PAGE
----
One thing that most daimons have in common, apart from the ability to materialise and dematerialise, is their glowing red eyes. Such eyes are frequently reported during UFO Close Encounters. This suggests that many so called aliens may be merely daimons using space-age props.
In his classic UFO book Passport to Magonia (1969) Jacques Vallee also equates otherworldly beings with UFO aliens. For example, Celtic fairies were thought to use their fairy rings to abduct people into a strange magical realm where time was distorted. For over a thousand years European folklore has been full of tales of this nature.
The suggestion that is emerging is that the known laws of physics only apply while one remains within spacetime, but can be overridden by any being, human, alien, or otherwise, who can 'enter', or move his or her consciousness, into the other realm that so many of these writers refer to. But how does one enter this other realm? Perhaps this is what mystics and yogis are learning to do when the venture deep within their consciousness during meditation. It has long been noted that these are the very people who most frequently develop paranormal abilities.
This transcendental realm seems to be many things to many people. The shaman uses it for healing, clairvoyance, and communication with spirits of the dead, while the mystic generally sees these accomplishments as distractions on his, or her, path to the Absolute. That this Otherworld may contain aliens, spirits of the dead, daimons, and even gods, hardly makes things less confusing. What we need is some sort of road-map to help us discover the topology, or 'landscape', of this other dimension or realm.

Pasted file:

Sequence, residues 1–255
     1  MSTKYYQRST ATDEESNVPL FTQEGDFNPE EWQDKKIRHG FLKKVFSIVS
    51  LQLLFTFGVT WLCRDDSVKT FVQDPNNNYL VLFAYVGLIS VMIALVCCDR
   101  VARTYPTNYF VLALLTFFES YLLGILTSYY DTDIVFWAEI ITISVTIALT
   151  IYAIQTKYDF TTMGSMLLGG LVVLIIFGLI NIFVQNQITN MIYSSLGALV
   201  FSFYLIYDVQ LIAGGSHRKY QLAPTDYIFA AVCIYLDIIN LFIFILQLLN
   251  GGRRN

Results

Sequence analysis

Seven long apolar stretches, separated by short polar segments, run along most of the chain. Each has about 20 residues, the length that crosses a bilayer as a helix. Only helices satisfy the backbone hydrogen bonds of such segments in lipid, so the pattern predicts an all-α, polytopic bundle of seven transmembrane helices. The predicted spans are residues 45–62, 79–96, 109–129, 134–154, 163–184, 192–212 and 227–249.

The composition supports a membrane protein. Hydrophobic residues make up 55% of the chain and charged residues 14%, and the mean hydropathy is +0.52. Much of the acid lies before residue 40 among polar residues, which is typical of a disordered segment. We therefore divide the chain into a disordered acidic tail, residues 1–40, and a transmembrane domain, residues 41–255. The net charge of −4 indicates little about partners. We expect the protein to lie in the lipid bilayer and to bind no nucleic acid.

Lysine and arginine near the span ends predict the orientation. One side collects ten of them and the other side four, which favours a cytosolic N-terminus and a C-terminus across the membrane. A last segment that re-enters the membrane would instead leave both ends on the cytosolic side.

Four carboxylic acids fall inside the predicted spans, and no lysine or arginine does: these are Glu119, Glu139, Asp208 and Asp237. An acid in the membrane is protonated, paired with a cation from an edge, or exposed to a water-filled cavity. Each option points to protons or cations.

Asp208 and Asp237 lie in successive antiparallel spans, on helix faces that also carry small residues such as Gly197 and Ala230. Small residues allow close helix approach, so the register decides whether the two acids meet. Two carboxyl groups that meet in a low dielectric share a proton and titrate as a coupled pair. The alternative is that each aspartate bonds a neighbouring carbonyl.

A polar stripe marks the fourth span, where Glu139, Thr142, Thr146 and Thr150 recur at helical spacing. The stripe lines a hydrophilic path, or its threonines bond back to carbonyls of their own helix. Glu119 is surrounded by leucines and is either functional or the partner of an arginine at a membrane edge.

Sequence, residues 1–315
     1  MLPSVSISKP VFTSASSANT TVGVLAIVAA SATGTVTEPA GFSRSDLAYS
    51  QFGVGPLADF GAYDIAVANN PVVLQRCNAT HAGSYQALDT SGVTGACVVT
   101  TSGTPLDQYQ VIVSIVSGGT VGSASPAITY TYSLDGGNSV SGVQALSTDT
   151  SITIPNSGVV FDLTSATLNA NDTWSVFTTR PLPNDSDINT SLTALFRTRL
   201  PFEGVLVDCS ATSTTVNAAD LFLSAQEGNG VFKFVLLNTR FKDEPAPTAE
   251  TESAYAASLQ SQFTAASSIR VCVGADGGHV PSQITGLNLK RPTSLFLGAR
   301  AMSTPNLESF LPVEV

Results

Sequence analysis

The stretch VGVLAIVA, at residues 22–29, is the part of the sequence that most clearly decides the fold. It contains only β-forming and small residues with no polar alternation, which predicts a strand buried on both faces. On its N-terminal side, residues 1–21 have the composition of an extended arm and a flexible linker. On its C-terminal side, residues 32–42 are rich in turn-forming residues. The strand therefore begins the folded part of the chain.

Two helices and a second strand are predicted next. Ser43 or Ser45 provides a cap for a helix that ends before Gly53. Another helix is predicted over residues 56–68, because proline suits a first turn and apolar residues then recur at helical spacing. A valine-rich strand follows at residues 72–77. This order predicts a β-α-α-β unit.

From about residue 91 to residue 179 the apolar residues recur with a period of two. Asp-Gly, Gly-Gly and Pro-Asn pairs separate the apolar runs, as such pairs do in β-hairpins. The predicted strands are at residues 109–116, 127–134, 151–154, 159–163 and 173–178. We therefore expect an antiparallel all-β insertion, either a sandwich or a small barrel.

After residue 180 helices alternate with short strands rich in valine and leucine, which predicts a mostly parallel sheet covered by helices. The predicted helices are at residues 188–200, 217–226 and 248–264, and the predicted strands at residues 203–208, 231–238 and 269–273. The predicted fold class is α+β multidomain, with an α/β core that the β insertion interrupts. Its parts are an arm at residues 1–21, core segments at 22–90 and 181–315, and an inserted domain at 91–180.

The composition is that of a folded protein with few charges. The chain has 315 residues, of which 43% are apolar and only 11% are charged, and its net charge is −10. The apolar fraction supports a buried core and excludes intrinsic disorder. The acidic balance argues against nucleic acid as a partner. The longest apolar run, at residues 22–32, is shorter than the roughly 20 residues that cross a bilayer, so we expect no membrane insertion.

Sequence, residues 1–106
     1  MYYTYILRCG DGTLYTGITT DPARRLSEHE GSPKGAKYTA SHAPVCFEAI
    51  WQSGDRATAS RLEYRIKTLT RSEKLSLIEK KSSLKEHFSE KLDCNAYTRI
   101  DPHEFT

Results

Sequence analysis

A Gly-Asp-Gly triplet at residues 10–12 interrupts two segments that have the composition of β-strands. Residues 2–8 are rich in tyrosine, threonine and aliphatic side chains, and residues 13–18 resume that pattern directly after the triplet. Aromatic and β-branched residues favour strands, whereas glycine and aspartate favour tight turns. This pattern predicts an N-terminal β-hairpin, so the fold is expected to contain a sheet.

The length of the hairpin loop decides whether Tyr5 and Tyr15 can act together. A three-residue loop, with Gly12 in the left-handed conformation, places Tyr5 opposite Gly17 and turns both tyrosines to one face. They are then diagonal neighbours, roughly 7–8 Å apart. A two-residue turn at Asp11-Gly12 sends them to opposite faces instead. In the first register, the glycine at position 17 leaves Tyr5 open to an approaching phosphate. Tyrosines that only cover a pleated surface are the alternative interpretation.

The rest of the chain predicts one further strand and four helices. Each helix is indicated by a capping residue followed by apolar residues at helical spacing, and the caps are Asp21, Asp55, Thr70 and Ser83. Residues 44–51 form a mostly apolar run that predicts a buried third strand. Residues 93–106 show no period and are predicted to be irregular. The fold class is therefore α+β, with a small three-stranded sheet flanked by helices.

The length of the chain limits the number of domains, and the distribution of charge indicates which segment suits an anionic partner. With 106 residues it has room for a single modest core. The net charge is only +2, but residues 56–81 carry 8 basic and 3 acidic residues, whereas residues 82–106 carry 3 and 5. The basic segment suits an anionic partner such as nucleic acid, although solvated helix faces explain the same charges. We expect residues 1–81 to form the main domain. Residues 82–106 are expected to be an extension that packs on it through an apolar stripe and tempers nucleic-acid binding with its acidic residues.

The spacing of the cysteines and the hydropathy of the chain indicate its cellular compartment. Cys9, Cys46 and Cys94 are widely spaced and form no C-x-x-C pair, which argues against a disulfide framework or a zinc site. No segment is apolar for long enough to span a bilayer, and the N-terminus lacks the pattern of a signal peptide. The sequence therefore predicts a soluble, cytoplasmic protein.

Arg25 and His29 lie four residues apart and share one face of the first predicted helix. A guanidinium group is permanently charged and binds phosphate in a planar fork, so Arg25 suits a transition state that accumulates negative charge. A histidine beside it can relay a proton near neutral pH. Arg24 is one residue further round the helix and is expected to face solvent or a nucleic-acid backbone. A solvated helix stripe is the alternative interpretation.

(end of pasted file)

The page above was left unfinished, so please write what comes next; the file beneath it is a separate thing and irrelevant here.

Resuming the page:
In his book The Visionary Human: Mystical Consciousness & Paranormal Perspectives (1991) Nevill Drury writes: 'Historically, transpersonal maps of altered states have derived either from the psychedelic research undertaken during the late 1960s and early 1970s, or from frameworks based substantially on eastern religious traditions. While I would certainly not dispute the very considerable contributions that Hindu and Buddhist concepts have made to transpersonal thought, it seems to me that ultimately the most complete frameworks of mystical and visionary consciousness will be those which transcend specific belief systems altogether.' (p.98)
Further on Drury writes: 'In short, we are beginning to accumulate a real body of data on dissociative and 'peak' states of consciousness which in turn have a direct bearing on the authenticity of religious beliefs. We may well be entering a new phase where religious and mystical experiences can be demystified and subjected to some sort of testing and validation. Without doubt, a new pragmatism has appeared on the horizon.' (p.99)